February 7, 2008
DONALD ELLIS, APPELLANT,
UNITED STATES, APPELLEE.
Appeals from the Superior Court of the District of Columbia F-6894-03, F-5199-04 (Hon. Lynn Leibovitz, Trial Judge).
The opinion of the court was delivered by: Schwelb, Senior Judge
Argued January 8, 2008
Before REID and GLICKMAN, Associate Judges, and SCHWELB, Senior Judge.
Following a jury trial, Donald Ellis was found guilty of one count of unlawful distribution of heroin in a drug-free zone*fn1 and of one count of willful failure to appear (FTA) at a status hearing in the heroin distribution case.*fn2 On appeal from his conviction and sentence on the heroin count,*fn3 Ellis principally contends that the trial judge erred by denying his pretrial motion to suppress his post-arrest show-up identification by Officer Anthony Commodore of the Metropolitan Police Department.*fn4 According to Ellis, the police lacked probable cause to arrest him or articulable suspicion to detain him. The government concedes that the trial judge erred by declining to suppress the show-up identification, but argues that the error was harmless beyond a reasonable doubt. See Chapman v. California, 386 U.S. 18, 23 (1967) (articulating standard where error is of constitutional magnitude). We accept the government's concession, and we conclude that under the Chapman standard, the error was not harmless. Accordingly, we reverse Ellis' drug conviction.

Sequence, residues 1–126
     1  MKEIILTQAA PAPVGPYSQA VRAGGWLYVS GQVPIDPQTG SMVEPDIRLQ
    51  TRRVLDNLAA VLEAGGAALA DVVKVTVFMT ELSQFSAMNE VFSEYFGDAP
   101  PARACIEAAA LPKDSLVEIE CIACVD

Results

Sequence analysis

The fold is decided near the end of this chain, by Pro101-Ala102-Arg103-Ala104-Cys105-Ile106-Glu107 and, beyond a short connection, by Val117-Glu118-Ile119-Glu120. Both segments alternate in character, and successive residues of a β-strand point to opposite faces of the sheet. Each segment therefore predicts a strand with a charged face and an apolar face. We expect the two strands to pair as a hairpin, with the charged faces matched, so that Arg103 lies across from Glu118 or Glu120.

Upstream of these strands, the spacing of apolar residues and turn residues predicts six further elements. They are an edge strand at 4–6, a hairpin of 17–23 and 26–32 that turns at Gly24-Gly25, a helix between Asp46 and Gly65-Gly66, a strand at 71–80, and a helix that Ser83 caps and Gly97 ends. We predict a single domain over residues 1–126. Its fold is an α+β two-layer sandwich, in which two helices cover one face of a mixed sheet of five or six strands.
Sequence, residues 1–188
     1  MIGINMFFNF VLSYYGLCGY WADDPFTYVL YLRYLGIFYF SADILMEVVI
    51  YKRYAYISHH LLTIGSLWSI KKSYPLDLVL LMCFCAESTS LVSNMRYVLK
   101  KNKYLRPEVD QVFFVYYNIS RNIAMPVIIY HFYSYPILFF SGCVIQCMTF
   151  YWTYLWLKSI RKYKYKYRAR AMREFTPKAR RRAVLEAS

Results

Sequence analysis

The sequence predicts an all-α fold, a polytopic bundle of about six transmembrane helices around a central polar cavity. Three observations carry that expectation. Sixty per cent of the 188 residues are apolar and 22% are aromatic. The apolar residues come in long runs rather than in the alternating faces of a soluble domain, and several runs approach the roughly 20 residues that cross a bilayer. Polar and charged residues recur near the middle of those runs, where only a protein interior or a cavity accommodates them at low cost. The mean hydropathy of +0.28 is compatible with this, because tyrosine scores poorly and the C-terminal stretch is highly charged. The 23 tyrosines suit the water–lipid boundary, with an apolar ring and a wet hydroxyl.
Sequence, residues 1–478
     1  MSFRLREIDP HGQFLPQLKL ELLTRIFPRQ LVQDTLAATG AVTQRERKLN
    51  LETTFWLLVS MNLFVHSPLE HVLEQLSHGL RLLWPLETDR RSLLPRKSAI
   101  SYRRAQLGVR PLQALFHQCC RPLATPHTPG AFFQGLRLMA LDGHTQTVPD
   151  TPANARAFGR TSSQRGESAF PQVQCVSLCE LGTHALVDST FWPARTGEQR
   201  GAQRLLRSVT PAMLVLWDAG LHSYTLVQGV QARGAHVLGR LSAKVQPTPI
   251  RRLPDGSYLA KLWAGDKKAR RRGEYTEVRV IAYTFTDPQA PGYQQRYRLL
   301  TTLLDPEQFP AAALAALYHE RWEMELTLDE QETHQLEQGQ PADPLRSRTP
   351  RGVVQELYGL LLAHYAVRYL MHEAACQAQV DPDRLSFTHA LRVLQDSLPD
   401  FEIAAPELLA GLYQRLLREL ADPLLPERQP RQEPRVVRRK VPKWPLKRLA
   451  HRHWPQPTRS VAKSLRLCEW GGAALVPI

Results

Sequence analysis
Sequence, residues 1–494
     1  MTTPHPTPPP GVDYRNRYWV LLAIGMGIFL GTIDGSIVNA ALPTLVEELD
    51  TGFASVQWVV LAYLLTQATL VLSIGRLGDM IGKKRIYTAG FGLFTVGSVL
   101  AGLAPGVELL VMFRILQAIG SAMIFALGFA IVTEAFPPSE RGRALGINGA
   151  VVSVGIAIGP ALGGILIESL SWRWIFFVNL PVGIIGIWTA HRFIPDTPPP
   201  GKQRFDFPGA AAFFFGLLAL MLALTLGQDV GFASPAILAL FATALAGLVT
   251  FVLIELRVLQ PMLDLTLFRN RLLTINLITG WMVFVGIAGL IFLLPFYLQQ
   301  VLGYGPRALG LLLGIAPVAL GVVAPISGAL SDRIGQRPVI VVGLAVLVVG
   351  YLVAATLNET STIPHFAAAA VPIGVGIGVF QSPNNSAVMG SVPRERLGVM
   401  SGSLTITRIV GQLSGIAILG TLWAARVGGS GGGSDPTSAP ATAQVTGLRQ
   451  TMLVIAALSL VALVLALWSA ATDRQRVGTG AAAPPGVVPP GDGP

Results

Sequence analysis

I. THE TRIAL COURT PROCEEDINGS
This case arose out of the sale of three ziplock baggies of heroin to Officer Commodore, who was acting under cover in a buy/bust operation, by two*fn5 individuals other than Donald Ellis. The offense is alleged to have occurred on November 5, 2003. The prosecution's theory was that Ellis was the "facilitator" of the unlawful sale, and that he brought Officer Commodore to the men who sold Commodore the heroin.
A. The Hearing on Ellis' Motion to Suppress Identification
On December 2, 2003 a grand jury returned an indictment charging Ellis with distribution of heroin within one thousand feet of a playground, a daycare center, and a public housing project. On June 18, 2004, Ellis filed a motion to suppress any out-of-court or in-court identification of Ellis, on the ground, inter alia, that each identification was the fruit of an unlawful seizure. A hearing was held on the motion on November 2, 2004.
The sole witness at the motions hearing was Officer James Wilson, a member of the arrest team. For the most part, Officer Wilson's testimony was not based on personal knowledge. Rather, Wilson's account was based on a post-arrest conversation with Officer Commodore and on the police documentation of the arrest. Wilson was not present when Ellis was taken into custody, nor did he observe the undercover sale.